Great post, Maggie. I was lucky enough to attend Margie Lawson's workshop at the RWNZ conference this year, and her EDITS system really struck a chord with me! (several chords in fact!!)

Deni Dietz said...

As Maggie's Five Star editor, I can guarantee her system works :)

Here's another "trick." If your character's name is John, do a search-and-replace and change it to something like Bruce (same for Mary/Ethel). Then, when you read the ms, Bruce [or Ethel] will leap off the page, and 50% of the time you'll find you can substitute "he" or "she."

Maggie Toussaint said...

Hi Margaret

Thanks for dropping by with a comment.

Happy writing to you!

Maggie Toussaint said...

Hi Old Fogey,

(What a handle! It made me smile.)

I'm one of those odd ducks who has both strengths in both left and write brains. I enjoy conjuring up a story from nothing, and then I also enjoy the editing process.

I don't have any good advice for you on how to make editing more fun. Unless you were to think of it like Drivers Education. Sure you already know how to drive (or write in this case) but the Drivers Ed course is a mandated refresher/primer to get you where you need to be.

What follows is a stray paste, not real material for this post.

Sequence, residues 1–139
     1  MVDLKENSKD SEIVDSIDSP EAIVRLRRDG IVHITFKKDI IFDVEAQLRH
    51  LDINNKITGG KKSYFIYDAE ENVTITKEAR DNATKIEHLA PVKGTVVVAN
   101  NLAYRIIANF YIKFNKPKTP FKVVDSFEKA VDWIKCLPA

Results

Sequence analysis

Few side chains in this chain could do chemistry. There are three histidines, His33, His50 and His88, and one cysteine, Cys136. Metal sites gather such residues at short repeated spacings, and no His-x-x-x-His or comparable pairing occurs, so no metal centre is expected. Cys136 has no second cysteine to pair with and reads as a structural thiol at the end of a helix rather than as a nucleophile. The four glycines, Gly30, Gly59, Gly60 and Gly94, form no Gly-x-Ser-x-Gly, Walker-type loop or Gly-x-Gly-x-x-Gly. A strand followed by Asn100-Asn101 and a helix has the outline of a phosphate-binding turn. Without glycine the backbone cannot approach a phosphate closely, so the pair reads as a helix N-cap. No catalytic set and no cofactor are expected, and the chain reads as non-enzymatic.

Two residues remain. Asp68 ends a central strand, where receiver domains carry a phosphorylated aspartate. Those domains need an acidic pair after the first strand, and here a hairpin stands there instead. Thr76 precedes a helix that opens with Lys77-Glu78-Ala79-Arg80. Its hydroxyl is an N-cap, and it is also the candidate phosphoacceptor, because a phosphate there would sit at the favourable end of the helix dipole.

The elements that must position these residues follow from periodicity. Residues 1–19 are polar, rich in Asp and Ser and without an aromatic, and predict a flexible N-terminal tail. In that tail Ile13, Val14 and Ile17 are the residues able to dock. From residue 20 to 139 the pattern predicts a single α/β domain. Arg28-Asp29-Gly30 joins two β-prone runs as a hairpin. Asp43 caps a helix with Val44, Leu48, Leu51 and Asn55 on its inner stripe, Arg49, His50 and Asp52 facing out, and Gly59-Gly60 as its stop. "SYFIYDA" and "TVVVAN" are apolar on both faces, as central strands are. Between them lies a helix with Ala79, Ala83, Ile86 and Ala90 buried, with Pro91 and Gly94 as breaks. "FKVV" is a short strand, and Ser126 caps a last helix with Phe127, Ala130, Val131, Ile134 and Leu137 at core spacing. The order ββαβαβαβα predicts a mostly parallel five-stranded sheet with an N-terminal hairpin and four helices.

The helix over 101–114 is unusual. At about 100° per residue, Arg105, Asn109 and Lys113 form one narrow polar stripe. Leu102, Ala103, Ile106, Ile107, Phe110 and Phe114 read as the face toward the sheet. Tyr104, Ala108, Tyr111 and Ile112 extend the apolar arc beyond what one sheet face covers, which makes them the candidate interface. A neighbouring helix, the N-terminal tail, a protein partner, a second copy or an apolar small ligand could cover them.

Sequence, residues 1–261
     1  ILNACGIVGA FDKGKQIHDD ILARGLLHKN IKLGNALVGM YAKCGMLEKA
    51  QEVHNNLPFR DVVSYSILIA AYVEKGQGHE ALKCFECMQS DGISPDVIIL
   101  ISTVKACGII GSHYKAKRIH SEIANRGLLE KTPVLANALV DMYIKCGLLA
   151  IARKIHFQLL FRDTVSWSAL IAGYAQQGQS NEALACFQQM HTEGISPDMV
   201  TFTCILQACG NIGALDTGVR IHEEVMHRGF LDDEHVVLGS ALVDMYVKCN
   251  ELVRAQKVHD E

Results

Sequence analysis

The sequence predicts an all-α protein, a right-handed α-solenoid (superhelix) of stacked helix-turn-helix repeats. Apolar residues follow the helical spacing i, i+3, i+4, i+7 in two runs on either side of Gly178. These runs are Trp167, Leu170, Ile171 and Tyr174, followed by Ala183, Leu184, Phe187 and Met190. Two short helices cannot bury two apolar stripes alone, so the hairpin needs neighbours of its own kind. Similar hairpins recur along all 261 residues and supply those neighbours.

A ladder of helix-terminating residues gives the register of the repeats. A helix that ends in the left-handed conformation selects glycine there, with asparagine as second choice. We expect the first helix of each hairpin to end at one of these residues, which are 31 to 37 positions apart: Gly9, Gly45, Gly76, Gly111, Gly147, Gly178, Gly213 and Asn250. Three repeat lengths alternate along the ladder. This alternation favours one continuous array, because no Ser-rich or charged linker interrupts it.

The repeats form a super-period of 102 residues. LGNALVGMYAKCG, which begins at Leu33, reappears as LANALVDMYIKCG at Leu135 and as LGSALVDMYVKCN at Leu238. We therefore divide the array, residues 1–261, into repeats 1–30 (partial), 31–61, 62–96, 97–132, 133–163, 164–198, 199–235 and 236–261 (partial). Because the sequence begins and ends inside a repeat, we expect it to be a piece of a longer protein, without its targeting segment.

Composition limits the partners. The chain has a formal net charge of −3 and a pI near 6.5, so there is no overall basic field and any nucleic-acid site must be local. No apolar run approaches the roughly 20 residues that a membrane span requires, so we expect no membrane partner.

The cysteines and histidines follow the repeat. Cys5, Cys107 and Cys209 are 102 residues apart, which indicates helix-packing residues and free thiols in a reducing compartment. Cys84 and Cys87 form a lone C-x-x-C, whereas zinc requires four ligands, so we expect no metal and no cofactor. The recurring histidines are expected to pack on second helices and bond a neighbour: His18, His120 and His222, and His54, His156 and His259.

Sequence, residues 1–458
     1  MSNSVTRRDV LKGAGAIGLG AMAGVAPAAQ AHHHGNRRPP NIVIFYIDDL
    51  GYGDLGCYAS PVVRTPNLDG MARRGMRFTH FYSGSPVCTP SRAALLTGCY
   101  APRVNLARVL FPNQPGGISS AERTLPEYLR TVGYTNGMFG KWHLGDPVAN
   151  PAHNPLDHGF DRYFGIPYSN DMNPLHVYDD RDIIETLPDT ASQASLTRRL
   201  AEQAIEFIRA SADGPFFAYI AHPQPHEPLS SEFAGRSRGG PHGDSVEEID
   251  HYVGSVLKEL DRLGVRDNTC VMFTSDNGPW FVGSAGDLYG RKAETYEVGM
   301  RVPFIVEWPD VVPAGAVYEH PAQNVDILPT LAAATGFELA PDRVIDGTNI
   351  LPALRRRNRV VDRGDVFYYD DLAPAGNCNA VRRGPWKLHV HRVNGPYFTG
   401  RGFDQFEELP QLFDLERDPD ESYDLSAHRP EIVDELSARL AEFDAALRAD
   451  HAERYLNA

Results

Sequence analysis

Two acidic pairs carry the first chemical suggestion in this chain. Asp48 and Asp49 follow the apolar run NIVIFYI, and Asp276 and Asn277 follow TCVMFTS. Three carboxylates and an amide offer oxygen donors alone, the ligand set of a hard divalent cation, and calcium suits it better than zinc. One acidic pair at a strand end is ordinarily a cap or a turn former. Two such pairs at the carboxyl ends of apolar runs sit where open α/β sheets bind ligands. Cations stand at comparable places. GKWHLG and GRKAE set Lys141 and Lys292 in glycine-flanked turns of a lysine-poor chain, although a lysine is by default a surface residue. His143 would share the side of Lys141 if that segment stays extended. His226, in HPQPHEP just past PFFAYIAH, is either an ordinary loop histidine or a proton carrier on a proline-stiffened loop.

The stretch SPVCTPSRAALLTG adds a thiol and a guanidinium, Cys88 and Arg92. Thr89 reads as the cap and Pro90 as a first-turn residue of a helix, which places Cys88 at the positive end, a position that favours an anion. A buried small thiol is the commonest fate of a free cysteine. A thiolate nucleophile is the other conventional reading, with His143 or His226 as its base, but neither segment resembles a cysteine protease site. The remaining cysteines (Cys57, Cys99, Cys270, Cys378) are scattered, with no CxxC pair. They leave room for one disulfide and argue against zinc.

Have a great day!

Maggie Toussaint said...

Hi Christina,

Margie Lawson's EDITS system helps my writing, but it also appeals to my arts and crafts muse. I enjoy color coding my words, and looking for a pleasing balance of colors on the page.

Enjoy your week!

Maggie Toussaint said...

Hey Deni,

How fun that you stopped by! Thank you for the ringing endorsement, and I'll return the compliment by saying it was a pleasure to work with you.

I like the tip you had about morphing the character names into another more unusual name so that it jumps out at you. Very good tip indeed.

Have a nice day!

Kelly McCrady said...

Awesome post, Maggie. I, too, am a Margie Lawson convert, LOL.

I am also a professional editor.

But it still holds true that editing someone else's work is far easier than editing your own. I'm a big believer in reading dialogue out loud. My favorite tightening text trick is using the highlight function to find overused words, punctuation, phrases, etc. Cut distancing by hunting down words such as thought, felt, realized, noticed. Stay deep in your character's POV!